(Article written collaboratively and submitted by Mrs. Lanphear’s Spring 2017 Students)
Jovan MaysA new tradition began for Mrs. Lanphear’s sophomore and junior English classes. Students walked to the Chadron State College (CSC) campus to celebrate the life of a great leader in America’s history. To start the day, Jovan Mays, a very passionate speaker and poet concerned with inhumane treatment and equal rights of all, presented at the CSC Student Center on January 16, Martin Luther King Jr. Day. His presentation was titled, “I Have A Dream?”, in which he questioned the complacency of Americans. Complacency is defined as being satisfied with a situation that could be changed, or simply not taking action. However, he also discussed non-complacency, and how speaking out against racism can be taboo. Mays encouraged Americans, and specifically audience members, to take action. He continued, explaining an example of what he called the “bomb effect.” The bomb effect is how one reacts to a dramatic change or a dramatic situation. Equal rights, according to Mays, is everyone’s responsibility. Jovan Mays’ emotional spoken word poem about his two young nephews opened listener’s minds to how we should carefully word things and how we should interact with each other. Overall, students found the presentation thought provoking and informative.
At noon, Dr. French, a CSC communications professor, shared a 2010 documentary entitled Prom Night in Mississippi. This documentary was about the town of Charleston, Mississippi and how community members faced racism in the deep South. Racism was embedded in their culture, and remains so today according to Dr. French.  Based on information provided in the documentary, it seemed parents were against interracial relationships. In an attempt to ease the racial tension, Academy Award winner and famous actor Morgan Freeman returned to his hometown (Charleston) to sponsor an integrated prom in an effort to bring the community together.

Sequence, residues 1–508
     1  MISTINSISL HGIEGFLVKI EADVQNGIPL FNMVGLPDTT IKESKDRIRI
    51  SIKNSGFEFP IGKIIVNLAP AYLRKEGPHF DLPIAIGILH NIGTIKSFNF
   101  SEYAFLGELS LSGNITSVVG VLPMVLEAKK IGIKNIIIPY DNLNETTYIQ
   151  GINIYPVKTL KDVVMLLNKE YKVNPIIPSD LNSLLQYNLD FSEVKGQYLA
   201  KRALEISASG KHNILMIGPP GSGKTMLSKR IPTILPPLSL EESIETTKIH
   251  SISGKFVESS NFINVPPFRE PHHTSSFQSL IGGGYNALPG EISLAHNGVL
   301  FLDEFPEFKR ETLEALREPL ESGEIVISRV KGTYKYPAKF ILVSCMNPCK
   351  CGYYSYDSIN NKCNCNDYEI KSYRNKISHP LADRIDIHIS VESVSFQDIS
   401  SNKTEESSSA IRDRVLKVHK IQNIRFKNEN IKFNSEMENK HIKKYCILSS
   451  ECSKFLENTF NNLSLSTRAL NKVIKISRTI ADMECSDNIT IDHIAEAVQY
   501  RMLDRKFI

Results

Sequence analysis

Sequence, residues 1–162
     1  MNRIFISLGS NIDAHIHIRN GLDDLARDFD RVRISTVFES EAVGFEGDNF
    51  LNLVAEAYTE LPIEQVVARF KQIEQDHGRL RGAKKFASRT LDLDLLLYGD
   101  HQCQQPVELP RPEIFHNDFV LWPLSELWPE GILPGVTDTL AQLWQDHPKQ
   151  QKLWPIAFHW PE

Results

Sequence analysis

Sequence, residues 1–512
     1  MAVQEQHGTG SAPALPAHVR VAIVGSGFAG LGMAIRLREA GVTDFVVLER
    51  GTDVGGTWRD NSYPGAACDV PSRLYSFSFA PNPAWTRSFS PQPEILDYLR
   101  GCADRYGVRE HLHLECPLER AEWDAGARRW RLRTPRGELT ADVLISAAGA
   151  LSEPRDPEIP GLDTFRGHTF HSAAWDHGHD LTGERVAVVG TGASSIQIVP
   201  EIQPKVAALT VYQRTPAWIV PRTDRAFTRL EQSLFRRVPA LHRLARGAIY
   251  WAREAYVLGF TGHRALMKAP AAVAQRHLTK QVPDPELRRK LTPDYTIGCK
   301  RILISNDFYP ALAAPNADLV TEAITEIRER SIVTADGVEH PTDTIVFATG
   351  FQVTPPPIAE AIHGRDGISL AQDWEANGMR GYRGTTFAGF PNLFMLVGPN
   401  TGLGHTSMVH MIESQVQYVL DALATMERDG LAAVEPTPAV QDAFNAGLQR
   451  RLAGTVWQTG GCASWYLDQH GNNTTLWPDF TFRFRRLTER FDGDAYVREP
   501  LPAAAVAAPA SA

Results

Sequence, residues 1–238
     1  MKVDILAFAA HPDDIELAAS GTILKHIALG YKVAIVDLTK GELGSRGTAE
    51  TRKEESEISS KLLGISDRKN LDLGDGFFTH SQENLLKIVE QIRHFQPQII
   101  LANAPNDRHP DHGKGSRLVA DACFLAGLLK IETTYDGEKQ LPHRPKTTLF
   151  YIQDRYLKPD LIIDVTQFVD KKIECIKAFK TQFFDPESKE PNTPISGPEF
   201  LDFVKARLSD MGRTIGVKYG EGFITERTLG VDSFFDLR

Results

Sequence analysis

Although the thought of an integrated prom excited most students, the idea failed to impress older generations. Parents of white students arranged an in-home meeting where they decided to sponsor a white-only prom.  Soon after the meetings between the parents and students, and Morgan Freeman and students, tensions erupted between classmates of different ethnicities. Dr. French paused the film and asked for audience feedback. One man talked about his shocking experiences in the deep South. Another articulate audience member recounted her experience with white parents pulling their students out of the newly integrated schools in the Delta. CHS students returned to their classroom to discuss and reflect on the presentation by Dr. French.
One of the final sessions of the day was a community event located in the Chicoine Center. Many students from Chadron Public Schools attended the event to listen to Jovan Mays, Dr. Hillary Potter, and the Chadron Cardinal (senior and junior) Singers. Aurora, Colorado resident and poet laureate, Jovan Mays presented a poem expressing his views on racial discrimination. His tone was serious and strong, imploring and asking audience members to ponder Martin Luther King’s dream and how King could remain optimistic during troubled times. During his poem, Jovan shared the line: “Forget dreams, I’d have nightmares,” an idea which stayed with many of his listeners. The following speaker, Dr. Hillary Potter, a college professor from the University of Colorado in Boulder, mentioned that Dr. King had been arrested thirty times over the course of his life. Dr. Potter asked us to never accept social injustices. She claimed, “We don’t have to be divided.” The song, “We Shall Overcome,” was performed as a transition between speakers. Overall, the high school students enjoyed the opportunity to participate in a community event to remember Martin Luther King.

Author: 
Mr. Mack